Baker wants to be world’s biggest COVID-19 tester

Sets ramp-up goals for end of July, December

GOV. CHARLIE BAKER unveiled a COVID-19 testing initiative on Thursday that he said would make Massachusetts the biggest tester on a per capita basis in the world.

Massachusetts is already a worldwide leader in testing. The state averaged 10,377 COVID-19 tests a day in May and has the capacity to do 30,000 tests a day.

The governor wants to ramp capacity up to 45,000 a day by the end of July and 75,000 a day by the end of December. The goal is to reduce the positive test rate (positive tests as a percentage of all tests done) to below 5 percent. The positive test rate was 12 percent on Thursday.

The testing goals and the timetable for them are another signal that reopening the state’s economy will be a long, slow process. In announcing the new goals, Baker casually mentioned that the buildup in capacity is needed to prepare for a possible surge in testing in the fall. He also said the state would not attempt universal testing because it wouldn’t be available in time for the state’s reopening, suggesting the July and December testing targets are part of the state’s phased approach to reopening.

Many of the indicators the Baker administration is relying on in deciding when and how fast to reopen the state’s economy trended in a positive direction on Thursday. The percent of all COVID-19 cases currently hospitalized fell to 3 percent, the number of hospitalizations fell below 3,000 for the first time since April 12, and COVID-19 patients in intensive care declined by 13 to 781. Deaths increased by 167 — 102 in nursing homes and 65 elsewhere.

Baker said federal funds will be needed to build the infrastructure necessary to ramp up testing in the state. The governor said the state will apply for the funding, which was part of the CARES Act, by the end of this month.

“If we reach the testing goals that we’re seeking to achieve, we’ll be the largest and biggest tester on a per capita basis in the world – actually by a significant margin,” Baker said.

Top five states for total COVID-19 tests per 1,000 people. (Graphic by Sarah Betancourt)

The state, according to guidance from the Department of Public Health, is targeting those with COVID-19 symptoms; contacts of those who have tested positive or are exhibiting symptoms; those who work around people with COVID-19; and people in congregate care settings, group homes, state hospitals, and prisons. Medical officials are given leeway to even test people who they believe have COVID-19 but are asymptomatic.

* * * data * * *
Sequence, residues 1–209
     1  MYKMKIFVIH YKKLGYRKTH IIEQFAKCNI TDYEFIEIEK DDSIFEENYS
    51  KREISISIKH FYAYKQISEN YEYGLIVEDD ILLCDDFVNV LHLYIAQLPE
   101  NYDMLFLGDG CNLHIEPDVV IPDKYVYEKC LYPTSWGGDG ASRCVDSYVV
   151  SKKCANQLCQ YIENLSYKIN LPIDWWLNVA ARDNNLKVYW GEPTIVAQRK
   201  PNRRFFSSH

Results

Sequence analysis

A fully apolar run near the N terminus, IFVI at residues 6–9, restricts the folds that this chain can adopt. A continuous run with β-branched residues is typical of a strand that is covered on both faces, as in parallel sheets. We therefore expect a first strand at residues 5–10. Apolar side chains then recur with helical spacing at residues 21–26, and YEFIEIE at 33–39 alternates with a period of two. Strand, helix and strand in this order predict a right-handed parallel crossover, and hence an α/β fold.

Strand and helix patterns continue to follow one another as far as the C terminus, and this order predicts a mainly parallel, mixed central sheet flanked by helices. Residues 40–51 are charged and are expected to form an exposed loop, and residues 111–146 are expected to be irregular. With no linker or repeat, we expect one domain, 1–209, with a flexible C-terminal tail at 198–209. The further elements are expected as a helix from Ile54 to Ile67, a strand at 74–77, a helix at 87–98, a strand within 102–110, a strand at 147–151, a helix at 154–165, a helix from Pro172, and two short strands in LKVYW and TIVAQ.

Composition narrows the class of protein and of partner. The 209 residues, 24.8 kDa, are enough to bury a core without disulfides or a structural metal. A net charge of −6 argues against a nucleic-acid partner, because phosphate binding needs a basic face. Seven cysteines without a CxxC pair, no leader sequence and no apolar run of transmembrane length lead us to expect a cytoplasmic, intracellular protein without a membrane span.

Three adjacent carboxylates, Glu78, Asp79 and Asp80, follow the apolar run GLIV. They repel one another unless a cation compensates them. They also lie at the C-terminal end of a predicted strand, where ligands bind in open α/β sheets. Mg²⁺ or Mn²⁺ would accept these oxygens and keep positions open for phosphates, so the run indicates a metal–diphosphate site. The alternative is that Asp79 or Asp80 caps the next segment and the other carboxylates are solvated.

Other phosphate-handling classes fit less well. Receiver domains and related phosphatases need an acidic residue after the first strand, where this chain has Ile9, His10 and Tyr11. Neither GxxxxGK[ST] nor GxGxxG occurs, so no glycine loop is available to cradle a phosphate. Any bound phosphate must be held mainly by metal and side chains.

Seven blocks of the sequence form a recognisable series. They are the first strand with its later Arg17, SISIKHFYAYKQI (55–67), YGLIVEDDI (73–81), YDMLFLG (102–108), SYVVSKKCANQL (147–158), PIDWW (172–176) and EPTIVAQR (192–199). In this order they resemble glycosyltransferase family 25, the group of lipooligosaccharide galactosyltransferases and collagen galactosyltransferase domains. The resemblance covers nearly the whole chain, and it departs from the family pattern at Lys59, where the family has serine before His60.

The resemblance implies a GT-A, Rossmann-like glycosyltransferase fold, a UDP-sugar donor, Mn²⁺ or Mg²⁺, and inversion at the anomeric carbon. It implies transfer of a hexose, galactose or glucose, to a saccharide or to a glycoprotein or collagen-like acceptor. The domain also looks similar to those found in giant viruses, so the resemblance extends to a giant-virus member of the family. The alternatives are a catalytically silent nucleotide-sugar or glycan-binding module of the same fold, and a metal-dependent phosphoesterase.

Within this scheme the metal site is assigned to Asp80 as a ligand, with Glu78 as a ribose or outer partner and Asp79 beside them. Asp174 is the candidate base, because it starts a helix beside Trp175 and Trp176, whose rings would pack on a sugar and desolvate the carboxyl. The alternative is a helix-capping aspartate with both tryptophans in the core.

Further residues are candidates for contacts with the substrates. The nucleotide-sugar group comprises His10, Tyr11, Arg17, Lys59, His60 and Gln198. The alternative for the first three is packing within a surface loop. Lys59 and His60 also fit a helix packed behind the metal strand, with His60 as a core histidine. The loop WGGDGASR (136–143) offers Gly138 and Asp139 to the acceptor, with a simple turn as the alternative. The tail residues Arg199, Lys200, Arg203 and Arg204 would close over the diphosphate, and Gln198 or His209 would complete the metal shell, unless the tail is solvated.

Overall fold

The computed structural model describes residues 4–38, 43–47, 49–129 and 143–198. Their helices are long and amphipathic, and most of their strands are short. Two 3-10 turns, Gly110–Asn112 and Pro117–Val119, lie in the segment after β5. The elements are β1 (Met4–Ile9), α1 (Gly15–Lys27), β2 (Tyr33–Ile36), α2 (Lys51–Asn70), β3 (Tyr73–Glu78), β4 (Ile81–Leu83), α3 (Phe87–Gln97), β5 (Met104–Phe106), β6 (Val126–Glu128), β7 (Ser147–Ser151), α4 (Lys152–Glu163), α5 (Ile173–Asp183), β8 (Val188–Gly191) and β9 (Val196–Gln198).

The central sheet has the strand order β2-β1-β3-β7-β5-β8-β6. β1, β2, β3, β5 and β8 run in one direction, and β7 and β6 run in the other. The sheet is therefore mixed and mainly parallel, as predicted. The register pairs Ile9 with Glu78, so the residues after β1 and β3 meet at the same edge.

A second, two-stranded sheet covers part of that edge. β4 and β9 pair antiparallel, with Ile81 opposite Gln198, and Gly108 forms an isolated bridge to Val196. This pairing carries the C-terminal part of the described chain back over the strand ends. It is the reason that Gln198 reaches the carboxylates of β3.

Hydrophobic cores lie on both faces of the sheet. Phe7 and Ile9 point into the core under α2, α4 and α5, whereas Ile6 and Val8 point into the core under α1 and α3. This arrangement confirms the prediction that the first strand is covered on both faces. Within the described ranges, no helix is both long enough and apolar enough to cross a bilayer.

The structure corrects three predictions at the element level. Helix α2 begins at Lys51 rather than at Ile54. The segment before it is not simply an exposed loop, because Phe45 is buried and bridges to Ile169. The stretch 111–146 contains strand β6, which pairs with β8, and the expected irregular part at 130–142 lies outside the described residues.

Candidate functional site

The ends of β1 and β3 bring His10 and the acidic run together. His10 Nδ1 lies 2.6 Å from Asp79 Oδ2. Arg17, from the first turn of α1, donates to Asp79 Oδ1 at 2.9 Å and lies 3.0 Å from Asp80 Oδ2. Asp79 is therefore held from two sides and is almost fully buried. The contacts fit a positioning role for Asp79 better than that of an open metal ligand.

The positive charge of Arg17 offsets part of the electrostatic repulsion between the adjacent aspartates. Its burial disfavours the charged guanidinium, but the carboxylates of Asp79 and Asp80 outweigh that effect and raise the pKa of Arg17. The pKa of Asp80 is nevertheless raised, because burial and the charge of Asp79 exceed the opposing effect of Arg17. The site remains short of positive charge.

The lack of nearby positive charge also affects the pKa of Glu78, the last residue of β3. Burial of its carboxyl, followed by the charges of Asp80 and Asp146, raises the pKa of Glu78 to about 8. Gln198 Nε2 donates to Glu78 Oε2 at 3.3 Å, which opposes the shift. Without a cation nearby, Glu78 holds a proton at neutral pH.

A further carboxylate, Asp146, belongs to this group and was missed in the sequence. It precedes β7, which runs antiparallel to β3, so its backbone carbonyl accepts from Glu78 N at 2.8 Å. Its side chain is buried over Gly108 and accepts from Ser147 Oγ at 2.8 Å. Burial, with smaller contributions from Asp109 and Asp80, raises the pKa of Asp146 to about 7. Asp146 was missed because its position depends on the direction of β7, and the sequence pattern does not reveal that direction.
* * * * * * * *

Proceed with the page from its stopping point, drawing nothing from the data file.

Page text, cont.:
CVS, the national pharmacy chain, said on Thursday it is beginning a national rollout of testing operations at 1,000 of its stores using self-swab kits. The company said it expects to ramp up to 1.5 million tests a month.

In Massachusetts, CVS is rolling out its self-swab test sites at stores in Charlton, Worcester, Raynham, Northampton, Bridgewater, Carver, West Springfield, Danvers, Westport, and Wellesley.

People tested at CVS will arrange a time online, pull up, be handed a test kit, administer the test themselves, and put the swab in a container for transport. Baker said the long test swabs that used to be inserted into the nose and down the throat are being replaced by smaller swabs that individuals can administer themselves by swabbing the nose or the inside of the cheek.

Baker, in graphically describing the long-swab testing approach, revealed that he and Lt. Gov. Karyn Polito were tested for COVID-19 after Tom Turco, the secretary of public safety and security, tested positive on April 6.

Massachusetts currently ranks second in the nation in tests per thousand people, behind only New York, according to calculations by CommonWealth using data as of May 13. Massachusetts administers 59.4 tests per 1,000 people, while New York administers 64.7 tests per 1,000 people.

Top five countries, and Massachusetts, for total COVID-19 tests per 1,000 people. Data through May 12. (Graphic by Sarah Betancourt)

New York has administered a total of nearly 1.3 million tests, compared to 410,032 in Massachusetts. Massachusetts ranks seventh in the nation in terms of total tests, behind New York, California, Florida, Texas, Illinois, and New Jersey.

According to Our World in Data, a project based at the University of Oxford, the top five countries for COVID-19 tests per 1,000 people are Iceland, Estonia, Norway, Switzerland, and Italy. The United States is sixth on the list at 28 tests per 1,000 people. The rankings are based on data as of Tuesday.

If Massachusetts were a country, it would rank second behind Iceland. Iceland, with 346,000 people, administers 160 tests per 1,000 people.

Here are the top five states in the nation for testing per 1000 people

New York – 64.73 per 1000

Massachusetts- 59.4 per 1000